Advertisement

Understanding and Conceptualizing Risk in Large-Scale Social-Ecological Systems

  • Helen Elizabeth AllisonEmail author
Chapter

Abstract

Many of the most serious global impacts have emerged from the interaction of human activities in the scientific-technical-industrial system. Changing from largely disciplinary science to multi- and ultimately interdisciplinary science and management requires a new ontology and epistemology to be negotiated to help us understand complexity within the social context and how this relates to risk. This paradigmatic shift currently taking place in science is contributing to the development of new theory and practice. Systems thinking is often considered key to solving ill-defined complex environmental and social problems displaying uncertainty and increased risk. But it is unclear what this thinking is or would be and how it might be progressed in future. For the necessary change to occur I suggest an important step is to integrate the diversity of knowledge through developing a framework to share information across multiple ontologies and epistemologies to gain acceptance across the sciences.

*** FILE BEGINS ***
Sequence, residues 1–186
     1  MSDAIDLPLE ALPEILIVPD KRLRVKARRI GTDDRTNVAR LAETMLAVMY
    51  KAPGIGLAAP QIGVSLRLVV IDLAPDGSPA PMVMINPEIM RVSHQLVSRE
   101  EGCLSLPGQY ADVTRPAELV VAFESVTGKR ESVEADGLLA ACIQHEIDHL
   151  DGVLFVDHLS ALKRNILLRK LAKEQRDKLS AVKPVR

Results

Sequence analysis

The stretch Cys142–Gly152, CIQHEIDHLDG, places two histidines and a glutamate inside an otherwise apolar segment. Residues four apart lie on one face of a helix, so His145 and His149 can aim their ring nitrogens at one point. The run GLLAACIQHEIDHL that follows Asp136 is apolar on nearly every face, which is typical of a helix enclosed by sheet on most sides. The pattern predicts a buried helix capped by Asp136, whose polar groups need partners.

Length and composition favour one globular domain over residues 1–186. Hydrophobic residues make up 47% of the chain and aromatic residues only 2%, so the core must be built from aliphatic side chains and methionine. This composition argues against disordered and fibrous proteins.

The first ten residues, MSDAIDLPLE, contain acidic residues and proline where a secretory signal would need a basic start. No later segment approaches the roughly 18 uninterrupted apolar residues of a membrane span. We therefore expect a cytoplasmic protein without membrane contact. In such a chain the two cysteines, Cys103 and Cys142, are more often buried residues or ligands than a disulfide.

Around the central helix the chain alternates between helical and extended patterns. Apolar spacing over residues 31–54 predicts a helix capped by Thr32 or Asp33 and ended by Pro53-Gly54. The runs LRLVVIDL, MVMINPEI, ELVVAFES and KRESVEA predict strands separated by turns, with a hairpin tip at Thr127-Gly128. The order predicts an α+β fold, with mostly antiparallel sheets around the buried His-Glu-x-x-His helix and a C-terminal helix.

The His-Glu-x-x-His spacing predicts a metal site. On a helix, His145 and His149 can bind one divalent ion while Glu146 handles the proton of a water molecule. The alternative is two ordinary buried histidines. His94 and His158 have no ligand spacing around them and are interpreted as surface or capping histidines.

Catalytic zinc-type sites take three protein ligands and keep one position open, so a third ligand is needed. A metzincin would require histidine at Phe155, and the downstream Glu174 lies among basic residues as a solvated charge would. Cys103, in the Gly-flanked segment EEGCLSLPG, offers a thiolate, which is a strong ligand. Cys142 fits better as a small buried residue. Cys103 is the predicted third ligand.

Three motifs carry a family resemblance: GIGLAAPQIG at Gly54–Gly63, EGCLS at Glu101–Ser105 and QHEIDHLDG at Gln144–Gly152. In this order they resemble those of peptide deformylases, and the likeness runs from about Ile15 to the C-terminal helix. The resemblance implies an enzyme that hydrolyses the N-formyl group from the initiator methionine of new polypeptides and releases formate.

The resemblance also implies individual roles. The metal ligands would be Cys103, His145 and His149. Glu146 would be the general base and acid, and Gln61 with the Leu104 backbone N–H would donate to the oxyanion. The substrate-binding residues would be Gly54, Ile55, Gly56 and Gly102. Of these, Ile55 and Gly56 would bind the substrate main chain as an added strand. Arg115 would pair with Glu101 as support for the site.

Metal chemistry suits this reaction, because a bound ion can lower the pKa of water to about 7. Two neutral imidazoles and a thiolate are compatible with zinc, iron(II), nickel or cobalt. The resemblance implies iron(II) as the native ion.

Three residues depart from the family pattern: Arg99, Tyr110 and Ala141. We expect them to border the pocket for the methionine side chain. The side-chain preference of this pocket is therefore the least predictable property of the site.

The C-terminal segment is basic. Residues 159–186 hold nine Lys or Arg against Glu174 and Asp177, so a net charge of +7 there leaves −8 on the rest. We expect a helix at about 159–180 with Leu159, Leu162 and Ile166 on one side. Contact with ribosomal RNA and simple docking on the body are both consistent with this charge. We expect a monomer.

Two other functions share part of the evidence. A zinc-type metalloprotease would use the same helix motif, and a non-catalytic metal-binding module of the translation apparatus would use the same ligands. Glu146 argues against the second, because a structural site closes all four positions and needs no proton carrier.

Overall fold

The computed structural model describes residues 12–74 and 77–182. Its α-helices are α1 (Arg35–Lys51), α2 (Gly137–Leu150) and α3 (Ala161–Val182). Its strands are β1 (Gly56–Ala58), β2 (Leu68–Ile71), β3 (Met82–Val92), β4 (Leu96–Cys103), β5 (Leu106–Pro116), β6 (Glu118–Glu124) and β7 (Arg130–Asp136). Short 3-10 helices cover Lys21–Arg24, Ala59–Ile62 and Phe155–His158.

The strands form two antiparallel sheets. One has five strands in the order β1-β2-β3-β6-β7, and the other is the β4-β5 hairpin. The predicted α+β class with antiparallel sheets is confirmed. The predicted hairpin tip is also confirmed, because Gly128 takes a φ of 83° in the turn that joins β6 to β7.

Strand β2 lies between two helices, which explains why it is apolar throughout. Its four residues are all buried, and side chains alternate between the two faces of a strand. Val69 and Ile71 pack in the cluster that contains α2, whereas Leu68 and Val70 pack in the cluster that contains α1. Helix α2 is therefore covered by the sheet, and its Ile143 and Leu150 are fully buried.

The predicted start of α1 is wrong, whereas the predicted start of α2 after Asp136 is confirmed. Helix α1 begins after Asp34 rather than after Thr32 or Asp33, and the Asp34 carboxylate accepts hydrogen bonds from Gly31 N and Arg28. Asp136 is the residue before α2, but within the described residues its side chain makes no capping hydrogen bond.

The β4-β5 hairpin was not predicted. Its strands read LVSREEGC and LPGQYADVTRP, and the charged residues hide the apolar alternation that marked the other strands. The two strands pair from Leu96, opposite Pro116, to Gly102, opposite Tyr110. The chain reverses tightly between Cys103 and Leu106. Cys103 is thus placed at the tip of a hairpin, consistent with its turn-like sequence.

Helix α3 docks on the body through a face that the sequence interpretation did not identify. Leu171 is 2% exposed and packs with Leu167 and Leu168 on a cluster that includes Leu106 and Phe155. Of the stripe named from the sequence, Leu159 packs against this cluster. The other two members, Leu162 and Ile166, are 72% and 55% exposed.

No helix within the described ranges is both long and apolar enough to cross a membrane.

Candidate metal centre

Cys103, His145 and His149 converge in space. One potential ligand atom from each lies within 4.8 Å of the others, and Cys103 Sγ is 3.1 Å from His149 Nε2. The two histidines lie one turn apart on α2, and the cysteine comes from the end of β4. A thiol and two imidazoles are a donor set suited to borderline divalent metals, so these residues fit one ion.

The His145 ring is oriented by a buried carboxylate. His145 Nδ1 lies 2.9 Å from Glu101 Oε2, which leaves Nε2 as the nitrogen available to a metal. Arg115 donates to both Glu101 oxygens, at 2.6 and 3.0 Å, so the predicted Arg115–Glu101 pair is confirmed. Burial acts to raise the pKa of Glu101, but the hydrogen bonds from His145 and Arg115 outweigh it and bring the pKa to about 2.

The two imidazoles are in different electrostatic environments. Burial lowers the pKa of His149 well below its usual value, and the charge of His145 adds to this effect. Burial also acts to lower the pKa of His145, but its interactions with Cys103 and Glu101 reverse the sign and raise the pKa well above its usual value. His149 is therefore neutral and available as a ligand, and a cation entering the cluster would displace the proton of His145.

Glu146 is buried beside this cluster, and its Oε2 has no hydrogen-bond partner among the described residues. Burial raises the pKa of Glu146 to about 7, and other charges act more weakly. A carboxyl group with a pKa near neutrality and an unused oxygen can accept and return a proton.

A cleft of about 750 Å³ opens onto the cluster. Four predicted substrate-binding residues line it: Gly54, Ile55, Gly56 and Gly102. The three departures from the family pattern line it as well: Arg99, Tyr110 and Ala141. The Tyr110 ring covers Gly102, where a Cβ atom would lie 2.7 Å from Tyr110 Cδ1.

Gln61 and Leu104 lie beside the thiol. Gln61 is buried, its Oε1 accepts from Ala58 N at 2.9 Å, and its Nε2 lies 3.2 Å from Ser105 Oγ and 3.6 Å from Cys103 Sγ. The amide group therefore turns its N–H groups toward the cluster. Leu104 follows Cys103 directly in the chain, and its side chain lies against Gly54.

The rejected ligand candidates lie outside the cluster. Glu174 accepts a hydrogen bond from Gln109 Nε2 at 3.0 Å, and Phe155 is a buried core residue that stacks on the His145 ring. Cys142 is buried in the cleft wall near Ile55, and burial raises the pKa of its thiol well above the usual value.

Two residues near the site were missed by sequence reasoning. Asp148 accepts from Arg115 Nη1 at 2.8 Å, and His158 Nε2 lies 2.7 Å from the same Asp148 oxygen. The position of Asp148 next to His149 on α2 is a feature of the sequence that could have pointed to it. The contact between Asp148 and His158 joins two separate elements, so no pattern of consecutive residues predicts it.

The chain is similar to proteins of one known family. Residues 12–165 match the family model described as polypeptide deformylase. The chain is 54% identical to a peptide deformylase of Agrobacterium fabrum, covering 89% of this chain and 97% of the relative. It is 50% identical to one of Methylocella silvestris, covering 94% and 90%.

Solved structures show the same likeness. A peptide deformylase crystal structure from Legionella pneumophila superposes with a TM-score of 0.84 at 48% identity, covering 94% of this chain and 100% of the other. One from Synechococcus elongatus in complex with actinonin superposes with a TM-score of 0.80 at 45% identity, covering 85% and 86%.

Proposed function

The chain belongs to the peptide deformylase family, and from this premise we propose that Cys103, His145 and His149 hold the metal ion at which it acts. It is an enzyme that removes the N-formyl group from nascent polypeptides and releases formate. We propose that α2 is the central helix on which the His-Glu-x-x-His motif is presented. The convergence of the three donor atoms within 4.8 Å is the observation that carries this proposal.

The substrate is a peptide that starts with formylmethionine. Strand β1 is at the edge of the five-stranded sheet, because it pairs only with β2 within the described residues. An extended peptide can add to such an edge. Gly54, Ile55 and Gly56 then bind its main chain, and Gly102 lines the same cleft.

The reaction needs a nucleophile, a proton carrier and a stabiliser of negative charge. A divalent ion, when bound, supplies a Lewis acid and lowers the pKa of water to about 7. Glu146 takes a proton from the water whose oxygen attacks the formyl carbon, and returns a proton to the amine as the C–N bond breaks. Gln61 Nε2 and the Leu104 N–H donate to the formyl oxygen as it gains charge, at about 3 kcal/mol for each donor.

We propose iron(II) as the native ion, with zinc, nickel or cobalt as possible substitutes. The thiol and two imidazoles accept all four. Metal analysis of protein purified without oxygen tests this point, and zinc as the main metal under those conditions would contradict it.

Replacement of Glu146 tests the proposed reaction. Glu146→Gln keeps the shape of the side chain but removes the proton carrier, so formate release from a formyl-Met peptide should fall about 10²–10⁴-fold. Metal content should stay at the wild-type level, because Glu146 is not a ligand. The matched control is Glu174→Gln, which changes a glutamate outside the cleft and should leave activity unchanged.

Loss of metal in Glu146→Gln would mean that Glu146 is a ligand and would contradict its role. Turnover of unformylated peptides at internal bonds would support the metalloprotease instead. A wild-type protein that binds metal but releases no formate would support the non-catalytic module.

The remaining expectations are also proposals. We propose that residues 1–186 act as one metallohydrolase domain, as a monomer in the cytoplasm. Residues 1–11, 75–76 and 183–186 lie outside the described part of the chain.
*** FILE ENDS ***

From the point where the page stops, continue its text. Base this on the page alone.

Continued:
Keywords

Conceptual Change Epistemological Belief Risk Governance Personal Epistemology Gene Ontology Consortium 
These keywords were added by machine and not by the authors. This process is experimental and the keywords may be updated as the learning algorithm improves.

References

  1. Ackoff, R.L. 1999. Ackoff’s best: His classic writings on management. New York: Wiley.Google Scholar
  2. Alexander, M.A. 2002. The Kondratiev cycle. A generational interpretation. Lincoln: Writers Club Press.Google Scholar
  3. Allan, C., and A. Curtis. 2005. Nipped in the bud: Why regional scale adaptive management is not blooming. Environmental Management 363: 414–425.CrossRefGoogle Scholar
  4. Allison, H. 2011. Mixed ontologies and epistemologies in resilience. Addressing some of the criticisms about resilience. Paper presented at the Resilience 2011 Conference. Resilience, Adaptation and Transformation in Turbulent Times. Arizona State University, Arizona, USA.Google Scholar